I came to Australia with my mother and stepfather from Hungary soon after World War Two. My aunt and uncle, who had been here for a decade, told us that the eccentric Aussies played football with a weird egg shaped ball; cricket was another novelty.
A common migrant goal was for kids to study medicine, which I duly did, setting aside a yearning towards journalism. After Medicine 1 at Sydney, we negotiated one year for me to indulge a leaning towards humanities. In Arts 1, I enjoyed Psychology, Economics and Modern History and writing for the student weekly Honi Soit.
In 1966, back in the medical stream, I joined the stream of Aussie graduates flocking to England for higher degrees. I was after a simple Diploma of Anaesthetics (DA). But our Brit colleagues insisted that DA stood for DREADFUL AUSTRALIANS. In turn, Aussies already there told us, if we wanted to pass, we should be sure to flaunt our return air tickets in clear view of all examiners.
We heard a little on the history of anaesthesia, especially John Snow of London (1813-1858). Quite apart from his inspired breakthrough on cholera, Snow became a leading anaesthetist and described his first ether inhaler in the Lancet. He also gave chloroform to a grateful Queen Victoria for two of her confinements.
Around the same time anesthetics were also taking off across the Atlantic with William Morton, Charles Jackson, Crawford Long and Horace Wells. But the Americans were a messy lot. One became addicted to chloroform. Wells gave a public demonstration of nitrous oxide (‘laughing gas’), which was a fiasco. He gave up dentistry and later committed suicide.
Why such a difference between the British scene and that in North America? Was the brain drain too steep? Had Britain exported too many people with inferior genes to the colonies?
Back to the 1960s; at The London Hospital in Whitechapel, on quiet evenings, the switch used to ring the local pub to get residents back on the job. Residents on night duty put out their shoes into the corridors for cleaning. Some hospitals would not let interns’ wives to stay over during their night shifts, but girlfriends were OK.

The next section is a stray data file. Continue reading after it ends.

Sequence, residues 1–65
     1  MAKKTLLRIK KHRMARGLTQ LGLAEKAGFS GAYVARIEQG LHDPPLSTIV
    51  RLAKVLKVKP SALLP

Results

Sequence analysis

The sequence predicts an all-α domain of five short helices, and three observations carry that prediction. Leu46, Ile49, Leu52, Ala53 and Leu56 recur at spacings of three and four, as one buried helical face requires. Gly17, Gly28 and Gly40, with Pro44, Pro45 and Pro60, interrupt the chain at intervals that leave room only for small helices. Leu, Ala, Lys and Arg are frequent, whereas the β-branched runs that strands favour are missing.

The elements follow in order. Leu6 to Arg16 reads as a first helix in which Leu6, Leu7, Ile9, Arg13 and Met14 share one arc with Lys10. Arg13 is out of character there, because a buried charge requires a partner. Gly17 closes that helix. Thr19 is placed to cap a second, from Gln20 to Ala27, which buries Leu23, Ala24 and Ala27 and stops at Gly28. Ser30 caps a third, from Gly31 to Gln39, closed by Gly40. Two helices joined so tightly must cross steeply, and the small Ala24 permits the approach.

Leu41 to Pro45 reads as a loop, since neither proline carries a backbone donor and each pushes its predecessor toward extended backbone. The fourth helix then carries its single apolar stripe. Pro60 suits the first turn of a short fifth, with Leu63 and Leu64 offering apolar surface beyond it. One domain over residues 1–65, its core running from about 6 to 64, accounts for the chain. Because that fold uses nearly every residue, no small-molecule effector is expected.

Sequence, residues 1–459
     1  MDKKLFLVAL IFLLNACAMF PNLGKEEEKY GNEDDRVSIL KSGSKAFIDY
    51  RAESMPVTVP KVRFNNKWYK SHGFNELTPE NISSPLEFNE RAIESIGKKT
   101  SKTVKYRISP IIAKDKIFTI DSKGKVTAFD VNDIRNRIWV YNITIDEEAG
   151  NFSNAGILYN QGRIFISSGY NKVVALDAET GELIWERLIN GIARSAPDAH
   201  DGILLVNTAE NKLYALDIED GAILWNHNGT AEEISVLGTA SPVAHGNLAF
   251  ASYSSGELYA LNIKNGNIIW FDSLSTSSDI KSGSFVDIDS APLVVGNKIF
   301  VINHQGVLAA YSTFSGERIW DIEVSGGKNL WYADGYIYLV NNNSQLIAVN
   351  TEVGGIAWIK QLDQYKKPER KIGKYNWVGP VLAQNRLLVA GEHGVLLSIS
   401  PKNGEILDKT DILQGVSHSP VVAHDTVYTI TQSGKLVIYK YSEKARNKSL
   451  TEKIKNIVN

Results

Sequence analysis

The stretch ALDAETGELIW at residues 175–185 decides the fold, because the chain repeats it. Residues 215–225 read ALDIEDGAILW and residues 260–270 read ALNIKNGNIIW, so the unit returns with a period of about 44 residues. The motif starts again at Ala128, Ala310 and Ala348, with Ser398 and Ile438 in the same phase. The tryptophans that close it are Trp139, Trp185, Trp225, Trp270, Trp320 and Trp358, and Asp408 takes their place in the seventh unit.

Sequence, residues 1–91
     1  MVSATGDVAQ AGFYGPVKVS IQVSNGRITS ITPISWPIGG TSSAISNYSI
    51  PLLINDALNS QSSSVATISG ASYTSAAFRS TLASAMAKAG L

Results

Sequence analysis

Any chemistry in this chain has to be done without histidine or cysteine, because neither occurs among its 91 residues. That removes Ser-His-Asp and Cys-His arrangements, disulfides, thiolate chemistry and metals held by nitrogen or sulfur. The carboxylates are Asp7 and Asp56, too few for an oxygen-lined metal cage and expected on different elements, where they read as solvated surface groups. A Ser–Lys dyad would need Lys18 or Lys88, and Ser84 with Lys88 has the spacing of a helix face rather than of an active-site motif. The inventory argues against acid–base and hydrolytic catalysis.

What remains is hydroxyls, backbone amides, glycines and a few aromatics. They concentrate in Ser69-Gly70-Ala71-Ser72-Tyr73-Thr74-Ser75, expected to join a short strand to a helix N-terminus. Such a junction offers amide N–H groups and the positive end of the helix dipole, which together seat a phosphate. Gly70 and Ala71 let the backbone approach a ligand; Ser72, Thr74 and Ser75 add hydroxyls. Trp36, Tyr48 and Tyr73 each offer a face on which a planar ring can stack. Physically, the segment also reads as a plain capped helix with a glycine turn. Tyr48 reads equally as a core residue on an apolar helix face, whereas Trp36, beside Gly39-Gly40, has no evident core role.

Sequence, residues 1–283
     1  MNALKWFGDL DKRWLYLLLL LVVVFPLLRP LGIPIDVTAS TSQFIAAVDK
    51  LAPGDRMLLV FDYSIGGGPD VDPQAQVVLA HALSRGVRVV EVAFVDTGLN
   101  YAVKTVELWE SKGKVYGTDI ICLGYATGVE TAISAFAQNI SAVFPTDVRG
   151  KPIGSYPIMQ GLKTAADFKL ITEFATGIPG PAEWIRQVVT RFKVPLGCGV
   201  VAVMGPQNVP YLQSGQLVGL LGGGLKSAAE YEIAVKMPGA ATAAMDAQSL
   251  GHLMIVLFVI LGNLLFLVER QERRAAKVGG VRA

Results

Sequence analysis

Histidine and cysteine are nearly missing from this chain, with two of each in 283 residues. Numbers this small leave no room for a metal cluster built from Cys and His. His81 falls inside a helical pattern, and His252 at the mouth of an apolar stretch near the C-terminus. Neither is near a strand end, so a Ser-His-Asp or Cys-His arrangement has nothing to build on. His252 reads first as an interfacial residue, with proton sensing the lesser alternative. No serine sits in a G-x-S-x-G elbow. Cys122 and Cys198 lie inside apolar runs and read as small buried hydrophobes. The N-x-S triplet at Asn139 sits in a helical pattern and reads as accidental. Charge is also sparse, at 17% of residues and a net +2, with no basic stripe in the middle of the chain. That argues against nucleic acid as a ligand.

Back home, I worked as a GP/Anaesthetist in a group practice in Manly.
But the last few decades have been the best time of my career. It was my wife Kitty who encouraged me to work from home as a freelance medical writer. She even pounded my first pieces into an ancient preloved computer. Another bonus for staying home: our kids Andrew and Jackie bounced back home at times and we caught up with them.
A writer’s life is full of snakes and ladders. My very first editor looked at my very first article and told me nicely I must rewrite it and, moreover, the experience would even do me good!
A very basic question; what could I write about? The history of anaesthesia was an obvious start, but then what? I started on the history of infectious diseases, but feared I’d soon run out of diseases. How wrong can you be?
I ended up with a column on medical history in Australian Doctor and other bits and pieces; a very modest income.
After a chance meeting with Dr Jim Leavesley, the two of us joined forces with HarperCollins in Sydney to adapt some of our columns from Australian Doctor and publish three paperbacks of short, light pieces for general readers.
What excitement when HarperCollins took these to the huge publishing market at Frankfurt. Of course we hoped to get lucky and attract an overseas publisher. Indeed, one book was translated and sold in South Korea. Another was republished in Britain. But our ship really came home when all three books were combined and published as one E-book in the USA. What a market! What potential! Indeed, over two years, we sold nearly 30 copies and each earned $25 (Australian)!